I was shocked and appalled by the imagery that Nicki used in her video, and I wanted to know if other people felt the same way that I did. I started asking around to see how people felt about the video, and I was surprised at both the number of people that hadn’t seen the video, and out of those that did, that not a lot of people even wanted to discuss it. I can’t tell if the general lack of interest in this video is because people at Swarthmore simply don’t have the time to care about it, or if we have all become so used to sensationalist media stories that it just doesn’t affect us any longer. The video did drop at approximately the same time as the nude Kim Kardashian photos, so maybe it just didn’t have the right kind of shock value to elicit a strong response. But when I spoke to Samira Saunders ’18, who had just recently watched the video, I found someone else who shared the same strong opinions that I did.

“I wonder what they were on when they thought it would be even remotely okay to release a video like that,” Samira wrote to me. She noted that Nicki and her staff should have known better before posting a video that could reach so many people.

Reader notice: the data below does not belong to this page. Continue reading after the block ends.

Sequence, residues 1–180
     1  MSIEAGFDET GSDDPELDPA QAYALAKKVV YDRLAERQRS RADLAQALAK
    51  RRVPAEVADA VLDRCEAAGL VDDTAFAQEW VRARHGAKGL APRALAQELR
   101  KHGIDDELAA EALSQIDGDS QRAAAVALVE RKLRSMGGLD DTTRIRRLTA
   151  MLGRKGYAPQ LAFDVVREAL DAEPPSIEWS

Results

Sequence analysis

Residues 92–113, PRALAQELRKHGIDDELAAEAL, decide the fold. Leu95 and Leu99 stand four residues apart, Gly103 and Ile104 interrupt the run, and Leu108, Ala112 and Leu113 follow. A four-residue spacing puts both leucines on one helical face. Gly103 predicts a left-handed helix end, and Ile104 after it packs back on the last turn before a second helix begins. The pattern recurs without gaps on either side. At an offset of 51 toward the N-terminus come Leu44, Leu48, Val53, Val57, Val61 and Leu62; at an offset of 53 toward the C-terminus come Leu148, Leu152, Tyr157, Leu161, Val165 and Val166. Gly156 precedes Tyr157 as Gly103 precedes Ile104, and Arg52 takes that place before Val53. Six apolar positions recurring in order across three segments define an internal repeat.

“Pop culture is so influential amongst youth, [and] it has already been widely acknowledged that, amongst other things, its casual misogyny is problematic. But to demean one group of people is obviously not enough; let’s throw in a little Nazi symbolism to trivialize the slaughter of 11 million people. Actually… let’s just have four of the most influential pop artists collaborate on a five minute “work of art” that lacks any subtlety in its depiction of the Third Reich.”

Samira called the video “distasteful, disappointing, sick and disturbing. Not to mention the irony of having Chris Brown’s face in front of violence, because in case we’ve all forgotten, he did still physically abuse his ex-girlfriend,” she concluded.